The key takeaway from all of this, however, is whether that money will ever be approved. If the White House is counting on Congress ponying up the cash, officials in the West Wing may be disappointed.
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Republicans shouldn't count on the economy to bolster Trump

03/16/17 10:05AM

The newly released Fox News poll points to an electorate that's starting to feel better about the U.S. economy. This question, for example, stood out:
For you and your family, does it feel like the economy is getting better or getting worse?

Getting better: 48%
Getting worse: 29%
Sure, some of this may be the result of raw partisan attitudes -- Republican voters expressing greater confidence because their party is in control -- but 48% is nevertheless the highest this number has been in several years.

Similarly, the same poll asked respondents if they "approve or disapprove of the way Donald Trump is handling" the economy. A 47% plurality said they approve. Not bad,

Against this backdrop, one might assume, the president's support would look strong. After all, the economy is nearly always the public's top priority, so it stands to reason that if Americans feel good about the economy, they'll feel good about their president.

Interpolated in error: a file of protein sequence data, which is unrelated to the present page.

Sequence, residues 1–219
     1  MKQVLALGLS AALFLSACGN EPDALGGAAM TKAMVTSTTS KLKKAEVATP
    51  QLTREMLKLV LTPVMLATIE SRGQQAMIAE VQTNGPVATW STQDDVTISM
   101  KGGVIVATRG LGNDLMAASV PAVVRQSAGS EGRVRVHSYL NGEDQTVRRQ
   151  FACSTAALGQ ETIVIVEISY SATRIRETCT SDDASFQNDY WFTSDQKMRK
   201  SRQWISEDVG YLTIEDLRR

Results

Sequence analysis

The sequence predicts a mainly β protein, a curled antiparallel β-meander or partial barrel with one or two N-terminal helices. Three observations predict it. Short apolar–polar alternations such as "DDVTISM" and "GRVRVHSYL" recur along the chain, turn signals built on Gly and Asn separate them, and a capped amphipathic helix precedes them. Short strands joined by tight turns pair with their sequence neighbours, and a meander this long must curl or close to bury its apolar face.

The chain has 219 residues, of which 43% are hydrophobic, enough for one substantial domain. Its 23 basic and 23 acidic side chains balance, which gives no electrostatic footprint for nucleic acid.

Except the exact same poll, pointing to the attitudes of the exact same respondents, shows Trump's approval rating dropping five points since last month to 43%.

The economy makes a big difference in a president's support, but it's not everything. In fact, let me introduce you to a man by the name of George W. Bush,
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Image: Paul Ryan

New polling: Americans are unimpressed with GOP health care plan

03/16/17 09:24AM

House Speaker Paul Ryan (R-Wis.) told conservative radio host Laura Ingraham yesterday, “Donald Trump is so excited about barnstorming America in Democrat [sic] Senate district states where he won [by] double digits like Missouri and Indiana and North Dakota and Montana.” The point wasn't subtle: Ryan believes Senate Democrats from red states can be pushed to support the Republican health care plan by a president who's eager to apply pressure.

In theory, that makes perfect sense. In practice, red-state Dems probably aren't too worried about an unpopular president barnstorming through the country, pushing an unpopular bill.